For instance, I may install Linux distro 'bigcheese' and 'bigcheese' may install with a KDE desktop configured a certain way (themes, window appearnce, etc.). I'll be able to adjust the parameters of those attributes to some extent. Or, I could install GNOME and use it as a desktop manager. I don't have to install 'littlecheese' distro to get GNOME, I can just install GNOME in 'bigcheese', configure it to be used at startup, and adjust its look and feel as I wish.
So for you, I think what you need to do is to research whether LINUX provides the features that you've listed above, then pick the distro you like that provides as many of them as possible by default.

keith
 

Condobloke

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Welcome to linux.org

You are 38 years old, you were born in 1982. You used DOS in the eighties, then Windows.
 

f33dm3bits

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  1. fast load and shutdown times, and long-term support: Fast load times and shutdown times isn't distribution dependent but depends on how fast your hardware is. Do you mean long term support as in that you keep getting security updates for 5,10 years? Or you just don't want to do major upgrades every 6 months?
  2. A lot of games you can run through either Steam/proton or Lutris: World of Tanks, there are plenty of shooters you just need to check if they are compatible using the two platforms I mentioned before(Also there are quite of a few multiplayer online games that don't work under Linux because of the AnitCheat Software):
    1. Lutris
    2. Steam/Proton
  3. Customization of UI: You can customize your interface however you like. Take this Window10 theme for example.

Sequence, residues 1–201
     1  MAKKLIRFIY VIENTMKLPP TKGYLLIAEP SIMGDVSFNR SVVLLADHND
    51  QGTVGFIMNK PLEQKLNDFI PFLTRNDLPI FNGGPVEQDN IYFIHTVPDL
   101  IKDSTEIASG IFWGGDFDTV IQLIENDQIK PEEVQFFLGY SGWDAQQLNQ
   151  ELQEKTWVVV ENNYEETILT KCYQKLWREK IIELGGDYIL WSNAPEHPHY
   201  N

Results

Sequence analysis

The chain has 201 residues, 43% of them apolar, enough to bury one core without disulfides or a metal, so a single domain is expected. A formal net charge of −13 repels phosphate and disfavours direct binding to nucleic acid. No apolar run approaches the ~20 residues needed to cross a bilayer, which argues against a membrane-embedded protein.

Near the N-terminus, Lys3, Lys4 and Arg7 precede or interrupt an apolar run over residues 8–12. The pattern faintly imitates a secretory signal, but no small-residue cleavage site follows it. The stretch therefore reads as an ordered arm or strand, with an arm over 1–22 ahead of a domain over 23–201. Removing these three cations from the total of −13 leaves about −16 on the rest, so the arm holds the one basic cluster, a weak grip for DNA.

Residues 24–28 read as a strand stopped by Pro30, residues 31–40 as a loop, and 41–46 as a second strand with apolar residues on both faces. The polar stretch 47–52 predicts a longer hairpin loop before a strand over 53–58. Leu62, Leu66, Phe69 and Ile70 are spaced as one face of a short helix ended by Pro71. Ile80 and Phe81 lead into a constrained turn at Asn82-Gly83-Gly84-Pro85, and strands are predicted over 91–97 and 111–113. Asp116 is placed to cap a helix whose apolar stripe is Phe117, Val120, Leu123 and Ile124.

4. can install features found in other OSes: No idea you are going to have to be more specific, but you are not going to find the same software available under Windows as under a GNU/Linux distro. As @Nelson Muntz mentioned GNU/Linux is not Windows.
  5. configuration that has more GUI options instead of using the command line: This is can be done on all distributions. For Configurations which are done by the gui can alse be done by the command-line. However if you are going to be want to run GNU/Linux you will eventually want to learn some command-line basics which will help you become more efficient with the GNU/Linux tools.
  6. apps that make it easier to do any maintenance and recovery: Yes there are back and restore tools available. These are just a few there are more available, take your pick
I wouldn't go for Linuxfx I've read that some people had bad experiences with that distro. Also if you are looking for a distribution that looks exactly, runs exactly like Windows you aren't going to find it because GNU/Linux and Windows are totally different operating systems who both work very differently. I would go for an LTS version of Mint or Ubuntu they got one of the largest user bases, or you could go for a rolling release distribution such as Manjaro. It all kind of depends how you answer first question on the list. Hope that helps!
 
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sp331yi

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Welcome!
Nobody can get away from the command line in Linux and become a real Linux user, IMHO. But check this YouTube video out, for starters --